Richard A. Roane, American Academy of Matrimonial Lawyers Michigan Chapter
President Partner, Warner Norcross & Judd LLP

In my capacity as Chair of the newly formed LGBT/Alternative Family Committee of the American Academy of Matrimonial Lawyers, I attended oral arguments this morning on one of the two marriage equality cases being submitted to the Supreme Court.

Yesterday's case was Hollingsworth v. Perry, which addresses Proposition 8 (the California Law banning same-sex marriage whose constitutionality is being decided). 

An all-night curbside wait in 37 degree weather was tempered by the hopeful mood of hundreds of people in the lines, some having waited since last Thursday to bear witness to this moment of history.

So it was a welcome sight to watch the morning sun rise, bathing the Court Building and the dazzling white marble of the Capitol dome in a pink hue. Court clerks and court police officers opened the doors and ushered the assembled masses into the hallowed and historic halls of the Courthouse in what must be one of the ultimate civics lessons available for all citizens to participate in.

Walking almost silently and in single file, we passed through the brass gates into the Chamber itself, oaring three stories high. Precisely at 10:00 a.m. a buzzer sounded and the Justices appeared from behind their red velvet draperies behind their chairs and took their seats.  

The Justices peppered both sides with incredibly rapid-fire questions, often cutting off answers before the attorneys had even finished. This seemed to frustrate the eloquent efforts of both attorneys for marriage equality and those supporting Proposition 8.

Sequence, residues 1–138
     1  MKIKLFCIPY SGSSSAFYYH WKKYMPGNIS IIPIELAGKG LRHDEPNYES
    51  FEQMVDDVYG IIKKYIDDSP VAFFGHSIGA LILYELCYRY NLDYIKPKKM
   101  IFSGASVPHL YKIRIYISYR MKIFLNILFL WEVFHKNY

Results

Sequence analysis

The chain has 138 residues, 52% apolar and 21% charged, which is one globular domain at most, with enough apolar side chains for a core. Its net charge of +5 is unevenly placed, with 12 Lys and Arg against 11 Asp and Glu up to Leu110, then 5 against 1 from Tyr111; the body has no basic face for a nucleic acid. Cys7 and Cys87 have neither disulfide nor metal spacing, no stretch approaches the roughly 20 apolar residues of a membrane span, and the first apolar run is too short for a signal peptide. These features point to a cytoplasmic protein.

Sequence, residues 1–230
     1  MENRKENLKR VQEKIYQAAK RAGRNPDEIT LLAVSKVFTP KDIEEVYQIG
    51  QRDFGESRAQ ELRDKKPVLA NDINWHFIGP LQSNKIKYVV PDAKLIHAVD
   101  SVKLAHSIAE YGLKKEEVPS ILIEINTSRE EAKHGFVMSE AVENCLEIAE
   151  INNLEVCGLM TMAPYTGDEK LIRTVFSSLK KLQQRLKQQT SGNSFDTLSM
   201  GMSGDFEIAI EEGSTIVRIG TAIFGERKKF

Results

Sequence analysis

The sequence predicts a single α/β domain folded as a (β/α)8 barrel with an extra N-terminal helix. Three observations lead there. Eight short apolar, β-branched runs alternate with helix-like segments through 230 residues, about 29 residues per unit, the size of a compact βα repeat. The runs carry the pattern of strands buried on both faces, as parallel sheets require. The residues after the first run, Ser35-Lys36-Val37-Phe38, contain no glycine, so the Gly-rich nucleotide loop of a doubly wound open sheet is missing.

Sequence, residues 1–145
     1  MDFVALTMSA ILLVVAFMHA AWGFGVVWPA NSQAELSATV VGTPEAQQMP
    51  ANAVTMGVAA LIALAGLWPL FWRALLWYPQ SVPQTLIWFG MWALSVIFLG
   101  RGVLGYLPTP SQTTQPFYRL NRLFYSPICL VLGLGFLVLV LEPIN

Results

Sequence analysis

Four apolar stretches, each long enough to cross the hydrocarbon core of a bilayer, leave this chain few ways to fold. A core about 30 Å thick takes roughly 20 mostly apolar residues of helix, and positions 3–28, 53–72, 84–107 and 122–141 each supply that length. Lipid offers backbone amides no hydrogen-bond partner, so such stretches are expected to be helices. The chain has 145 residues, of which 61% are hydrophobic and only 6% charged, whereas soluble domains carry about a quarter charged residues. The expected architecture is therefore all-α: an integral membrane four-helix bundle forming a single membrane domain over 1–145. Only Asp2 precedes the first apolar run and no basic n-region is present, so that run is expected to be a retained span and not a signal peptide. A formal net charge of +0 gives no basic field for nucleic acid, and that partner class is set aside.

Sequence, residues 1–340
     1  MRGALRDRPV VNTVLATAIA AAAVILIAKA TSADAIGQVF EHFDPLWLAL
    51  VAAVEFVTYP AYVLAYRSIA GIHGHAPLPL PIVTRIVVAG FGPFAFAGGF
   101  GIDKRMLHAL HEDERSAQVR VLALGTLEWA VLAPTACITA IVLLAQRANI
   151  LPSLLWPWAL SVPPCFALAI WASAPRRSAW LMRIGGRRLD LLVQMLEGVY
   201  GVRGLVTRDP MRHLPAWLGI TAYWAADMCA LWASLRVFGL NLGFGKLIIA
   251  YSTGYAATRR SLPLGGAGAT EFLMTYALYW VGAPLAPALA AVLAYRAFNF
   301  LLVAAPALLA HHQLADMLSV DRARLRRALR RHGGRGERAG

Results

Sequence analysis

It quickly became clear that, beyond the merits of the case, the Justices were interested in the issue of legal standing. A person, group, or institution must prove that it is directly harmed by a law in order to challenge the law in court. If they're able to prove that they are negatively impacted, they "have standing," and the case can proceed. 

The questions that the Justices asked reveal that they are questioning exactly who meets these requirements: 
  • Justice Scalia asked "Does the Attorney General have standing in this case?"
  • Justice Kagan asked "Could the State of California assign any citizen to appeal this Proposition?"
  • Justice Sotomajor asked "How is an injury created to these proponents?"
Perhaps the greatest indication of what the Court is thinking is the blunt questions Justice Kennedy asked: “why do you think we should take and decide this case?”

After just an hour and twenty minutes of fast-paced argument, Chief Justice Roberts abruptly called out that the case was submitted, everyone rose, and the Justices disappeared behind the red velvet drapes which made me think, oddly and suddenly, of the Wizard of Oz behind the emerald green curtains.

Later today we'll have an update as the Court hears arguments in the ACLU's case against the Defense of Marriage Act.

Key News & Documents

► Learn more | The Defense of Marriage Act

► Take Action | Thank the President for supporting marriage equality

► ACLU Issues | LGBT Rights

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